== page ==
Today, we pick up our study in Galatians 3:15, “Brethren, I speak after the manner of men; Though it be but a man's covenant, yet if it be confirmed, no man disannulleth, or addeth thereto.” He compares the contracts that between man with the contract that He had with Abraham.
Notice v.16, “Now to Abraham and his seed were the promises made. He saith not, And to seeds, as of many; but as of one, And to thy seed, which is Christ.” The promise referred to here is found in Genesis 22:16-18 where it says, “And said, By myself have I sworn, saith the LORD, for because thou hast done this thing, and hast not withheld thy son, thine only son: That in blessing I will bless thee, and in multiplying I will multiply thy seed as the stars of the heaven, and as the sand which is upon the sea shore; and thy seed shall possess the gate of his enemies; And in thy seed shall all the nations of the earth be blessed; because thou hast obeyed my voice.” The Seed referred to here is the Messiah.
Notice v.17, “And this I say, that the covenant, that was confirmed before of God in Christ, the law, which was four hundred and thirty years after, cannot disannul, that it should make the promise of none effect.” The promise to Abraham was given 430 years before the giving of the Law, so the Law has no bearing on the promise.
Notice v.18, “For if the inheritance be of the law, it is no more of promise: but God gave it to Abraham by promise.” In other words, if the inheritance that was promised was conditional upon the Law than it was not a promise at all.
Notice v.19, “Wherefore then serveth the law? It was added because of transgressions, till the seed should come to whom the promise was made; and it was ordained by angels in the hand of a mediator.” So, the question now is, “If the Law did not set aside or even add to the promise that God made to Abraham what was the purpose of giving it at all?” It was added because of transgressions. Sin! Romans 4:15 says, “Because the law worketh wrath: for where no law is, there is no transgression.” Also, Romans 5:20 says, “Moreover the law entered, that the offence might abound. But where sin abounded, grace did much more abound:” So, the Law was to point out our falleness until the Messiah would come and offer a way to fix it. Romans 10:4 says, “For Christ is the end of the law for righteousness to every one that believeth.”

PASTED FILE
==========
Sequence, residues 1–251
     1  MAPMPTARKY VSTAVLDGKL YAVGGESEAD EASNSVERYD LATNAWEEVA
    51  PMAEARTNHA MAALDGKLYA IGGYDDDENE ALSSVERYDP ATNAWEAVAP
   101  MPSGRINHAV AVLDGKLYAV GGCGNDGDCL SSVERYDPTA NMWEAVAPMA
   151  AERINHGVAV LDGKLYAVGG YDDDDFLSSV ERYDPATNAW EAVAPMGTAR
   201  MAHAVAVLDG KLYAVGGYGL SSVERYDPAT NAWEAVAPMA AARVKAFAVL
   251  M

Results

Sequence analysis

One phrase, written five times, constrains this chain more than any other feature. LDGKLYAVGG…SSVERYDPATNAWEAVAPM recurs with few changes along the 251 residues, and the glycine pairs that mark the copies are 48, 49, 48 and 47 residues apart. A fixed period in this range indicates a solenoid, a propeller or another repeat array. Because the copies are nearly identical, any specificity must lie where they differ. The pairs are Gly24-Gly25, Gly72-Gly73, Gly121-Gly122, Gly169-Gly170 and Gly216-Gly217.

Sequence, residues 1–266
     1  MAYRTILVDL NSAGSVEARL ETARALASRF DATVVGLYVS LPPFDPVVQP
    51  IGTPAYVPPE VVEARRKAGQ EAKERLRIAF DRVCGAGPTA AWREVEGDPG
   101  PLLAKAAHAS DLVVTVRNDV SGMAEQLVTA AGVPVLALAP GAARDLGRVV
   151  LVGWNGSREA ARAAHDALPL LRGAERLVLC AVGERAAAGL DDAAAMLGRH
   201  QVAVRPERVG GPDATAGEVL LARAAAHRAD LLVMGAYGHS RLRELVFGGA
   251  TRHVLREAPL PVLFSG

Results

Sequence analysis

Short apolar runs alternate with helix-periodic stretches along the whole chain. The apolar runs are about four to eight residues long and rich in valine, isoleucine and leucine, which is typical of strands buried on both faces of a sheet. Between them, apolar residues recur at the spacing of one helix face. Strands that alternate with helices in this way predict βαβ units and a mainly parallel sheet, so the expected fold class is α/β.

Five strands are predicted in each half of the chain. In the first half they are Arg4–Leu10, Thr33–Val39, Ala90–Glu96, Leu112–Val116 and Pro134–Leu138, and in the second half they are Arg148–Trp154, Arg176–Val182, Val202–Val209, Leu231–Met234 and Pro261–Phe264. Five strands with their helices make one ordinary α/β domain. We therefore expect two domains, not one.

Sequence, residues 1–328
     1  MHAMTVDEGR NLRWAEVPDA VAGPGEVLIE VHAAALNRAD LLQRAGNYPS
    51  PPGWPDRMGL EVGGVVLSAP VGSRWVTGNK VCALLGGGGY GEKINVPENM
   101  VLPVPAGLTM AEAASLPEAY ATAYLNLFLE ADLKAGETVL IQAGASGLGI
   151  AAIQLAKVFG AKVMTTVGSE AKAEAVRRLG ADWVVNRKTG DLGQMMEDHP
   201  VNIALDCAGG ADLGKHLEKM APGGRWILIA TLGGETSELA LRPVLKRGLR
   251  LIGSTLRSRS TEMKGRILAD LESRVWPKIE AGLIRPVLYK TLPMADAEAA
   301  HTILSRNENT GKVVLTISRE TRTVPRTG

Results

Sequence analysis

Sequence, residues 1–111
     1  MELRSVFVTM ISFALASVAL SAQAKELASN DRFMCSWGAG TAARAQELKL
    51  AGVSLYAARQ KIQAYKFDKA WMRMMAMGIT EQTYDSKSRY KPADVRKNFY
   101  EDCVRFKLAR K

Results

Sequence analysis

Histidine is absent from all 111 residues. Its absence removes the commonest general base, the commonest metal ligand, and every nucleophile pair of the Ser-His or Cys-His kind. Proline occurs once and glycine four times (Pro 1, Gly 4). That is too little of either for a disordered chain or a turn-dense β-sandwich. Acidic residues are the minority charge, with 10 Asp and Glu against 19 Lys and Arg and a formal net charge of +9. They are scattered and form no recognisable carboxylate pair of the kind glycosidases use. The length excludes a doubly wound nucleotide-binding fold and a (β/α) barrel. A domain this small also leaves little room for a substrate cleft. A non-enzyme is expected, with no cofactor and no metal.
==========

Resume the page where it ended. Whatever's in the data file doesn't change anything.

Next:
Evangelist Fred Brown used three images to describe the purpose of the law. First he likened it to a dentist's little mirror, which he sticks into the patient's mouth. With the mirror he can detect any cavities. But he doesn't drill with it or use it to pull teeth. It can show him the decayed area or other abnormality, but it can't provide the solution.
Brown then drew another analogy. He said that the law is also like a flashlight. If suddenly at night the lights go out, you use it to guide you down the darkened basement stairs to the electrical box. When you point it toward the fuses, it helps you see the one that is burned out. But after you've removed the bad fuse and inserted a new one, you turn off the flashlight as that it is no longer needed.
In his third image, Brown likened the law to a plumb line. When a builder wants to check his work, he uses a weighted string to see if it's true to the vertical. But if he finds that he has made a mistake, he doesn't use the plumb line to correct it. He gets out his hammer and saw. The law points out the problem of sin; it doesn't provide a solution. Of course, the mediator spoke of in this verse is referring to Moses.
Notice v.20, “Now a mediator is not a mediator of one, but God is one.” The very idea of a mediator implies that there are two parties involved. Of course, in the given of the Law, it was God and the People with Moses playing the mediator. However, when God made the covenant with Abraham, there was only one party; Himself (Genesis 15).